Cultural skepticism, apologism and chauvinism


Hi there. Different countries has different cultures. But what does that really mean? Well, from a Human Rights perspective, each country belong to the citizens of that country. And each culture belong to the members of that culture. It is not the other way around!

People are not property. They do not belong to their families or religions or nation-states or cultures or whatever. They don’t belong to them in that sense.

Lets say that a person wants to consider himself private property of his lover or his religion or his culture or whatever. Of course we should respect that. He is free to consider himself that way, now and for as long as he wants to. But when and if he want to change the nature of his relationship, or end it, he has that right too. We have no right to lock him into some kind of bondage. Freedom is absolute.

How we view culture can be categorized in several different ways. The perhaps most common distinction is between universalism and relativism. I’m not so fond of this distinction: In my experience, most views on culture have universialist AND relativist elements to them. So I’m going to make another distinction here. One between what I call Cultural Skepticism, Cultural Apologism, and Cultural Chauvinism.

Like all other categorizations, this is of course an oversimplification. And you can’t always squeeze a persons views on culture into one of these three categories. But I still think that the distinction is useful.

Cultural Skepticism
is the idea that we are all human and we all have culture. Our humanity is universal, and our cultures are relative. Being human is something we are, while having culture is something that we have. We don’t need to be slaves to our cultures, and we can’t expect anyone else to be slaves to any culture either. “They” don’t belong to their cultural history or whatever any more than “we” do. And this distinction into “us” and “them” is pure fiction anyway. We may categorize the world that way, bu it doesn’t really work that way. All human beings are real, an their levels of independence from each other is quite variable.

Cultures are fluid. They are always changing and being renegotiated, no matter how eternal and unchanging they may pretend to be. We need to be careful with cultures. We need to think carefully about what elements of them we embrace or accept or distance ourselves from.

This is true for all humans. And it’s true for all cultures: The cultures that each of us grow up in, come in contact with later, or only see from a distance. Cultures are not monoliths. They are complex, and with the various parts of the cultures we need to think about on who’s terms this is being defined. And at who’s expense.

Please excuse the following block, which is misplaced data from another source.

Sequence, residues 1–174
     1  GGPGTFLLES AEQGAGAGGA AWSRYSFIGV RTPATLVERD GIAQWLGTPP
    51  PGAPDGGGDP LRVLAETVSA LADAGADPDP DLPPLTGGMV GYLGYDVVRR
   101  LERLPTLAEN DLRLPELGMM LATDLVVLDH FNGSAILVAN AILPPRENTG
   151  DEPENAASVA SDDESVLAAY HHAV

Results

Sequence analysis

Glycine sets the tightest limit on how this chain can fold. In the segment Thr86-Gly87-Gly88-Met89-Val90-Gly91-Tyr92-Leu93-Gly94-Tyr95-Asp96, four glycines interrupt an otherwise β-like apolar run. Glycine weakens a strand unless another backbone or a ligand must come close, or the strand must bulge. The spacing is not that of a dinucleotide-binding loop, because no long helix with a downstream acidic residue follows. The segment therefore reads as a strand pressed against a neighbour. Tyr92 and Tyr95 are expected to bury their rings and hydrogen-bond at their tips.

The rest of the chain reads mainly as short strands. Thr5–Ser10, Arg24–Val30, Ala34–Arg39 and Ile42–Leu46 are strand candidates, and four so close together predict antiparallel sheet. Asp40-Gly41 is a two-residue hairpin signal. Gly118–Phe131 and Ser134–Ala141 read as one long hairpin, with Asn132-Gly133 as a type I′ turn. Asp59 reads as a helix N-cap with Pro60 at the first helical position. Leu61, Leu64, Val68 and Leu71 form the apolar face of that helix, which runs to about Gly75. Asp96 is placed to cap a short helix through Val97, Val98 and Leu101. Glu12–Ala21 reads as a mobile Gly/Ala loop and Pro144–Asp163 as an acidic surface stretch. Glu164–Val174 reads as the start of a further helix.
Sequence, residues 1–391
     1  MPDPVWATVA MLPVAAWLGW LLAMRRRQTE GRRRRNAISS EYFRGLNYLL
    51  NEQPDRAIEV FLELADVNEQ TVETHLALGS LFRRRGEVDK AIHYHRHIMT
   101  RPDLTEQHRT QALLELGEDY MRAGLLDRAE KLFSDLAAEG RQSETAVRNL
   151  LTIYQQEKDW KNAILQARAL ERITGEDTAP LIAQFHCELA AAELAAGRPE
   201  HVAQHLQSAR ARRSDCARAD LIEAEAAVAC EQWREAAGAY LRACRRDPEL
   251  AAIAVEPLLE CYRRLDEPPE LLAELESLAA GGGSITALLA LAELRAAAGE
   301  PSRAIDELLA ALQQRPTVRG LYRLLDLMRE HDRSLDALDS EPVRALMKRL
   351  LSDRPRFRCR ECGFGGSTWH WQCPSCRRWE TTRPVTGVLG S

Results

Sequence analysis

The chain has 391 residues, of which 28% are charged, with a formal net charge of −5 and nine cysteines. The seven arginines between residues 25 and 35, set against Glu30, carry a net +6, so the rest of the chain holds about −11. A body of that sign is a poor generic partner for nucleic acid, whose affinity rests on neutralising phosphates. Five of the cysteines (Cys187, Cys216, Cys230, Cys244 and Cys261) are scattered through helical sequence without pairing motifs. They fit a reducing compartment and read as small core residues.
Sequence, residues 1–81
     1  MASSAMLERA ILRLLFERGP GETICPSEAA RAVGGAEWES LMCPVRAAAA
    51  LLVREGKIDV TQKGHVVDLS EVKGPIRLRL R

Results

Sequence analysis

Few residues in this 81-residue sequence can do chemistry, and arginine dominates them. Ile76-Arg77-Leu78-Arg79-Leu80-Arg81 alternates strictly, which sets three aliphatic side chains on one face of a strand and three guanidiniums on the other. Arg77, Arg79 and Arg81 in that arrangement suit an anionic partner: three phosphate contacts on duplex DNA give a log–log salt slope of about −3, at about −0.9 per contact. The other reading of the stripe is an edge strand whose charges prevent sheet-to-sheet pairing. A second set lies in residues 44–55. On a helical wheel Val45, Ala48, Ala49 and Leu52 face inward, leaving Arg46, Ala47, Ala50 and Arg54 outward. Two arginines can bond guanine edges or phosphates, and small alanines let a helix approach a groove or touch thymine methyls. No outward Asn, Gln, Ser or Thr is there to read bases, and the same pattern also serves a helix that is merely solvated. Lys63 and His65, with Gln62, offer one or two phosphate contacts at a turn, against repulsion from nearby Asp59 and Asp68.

There’s a lot of great things in cultures, but there’s a lot of really problematic stuff as well. And we need to help each other to improve our cultures. To get rid of the destructive stuff, and to improve the good stuff. Over to…

Cultural apologism an cultural chauvinism
These two are quite similar to each other, if you view them from the point of view that I have just described. Both of them treat cultures as if they were monolithic wholes. People get divided into different kinds of creatures. “The Muslim” or “The Arab” or “The Hindu” or “The Asian” or whatever is sen as something entirely different from “The Westerner” or just “us”. We don’t reall like to think of “us” and “them”, we like to think of “normal people” and “those other people” who are not us, but we don’t want to call “us” “us” because then it’s so obvious that the division is into us and them. Lots of 1984 bullshit going on there.

So, anyway, the basic idea with cultural apologism and cultural chauvinism is that we divide people into us and them, where them are not like us – and they don’t have rights like us! Not like human beings who are allowed to be individuals with their own personal needs and viewpoints and desires and so on. They are treated as being property of some culture or subculture or religion or whatever. We would never accept that one of us get treated like that. White people are individuals. Of course we are! But so are people who aren’t white… and we should accept that. We should see that. We should see our fellow human beings as the fellow human beings they are, not as some part of some borg collective of some kind.

The difference between apologism and chauvinism is that the first consider itself to be open-minded and tolerant and all those kinds of nice things, while the chauvinists are more open with the division into us and them- and want to protect “us” from “them”.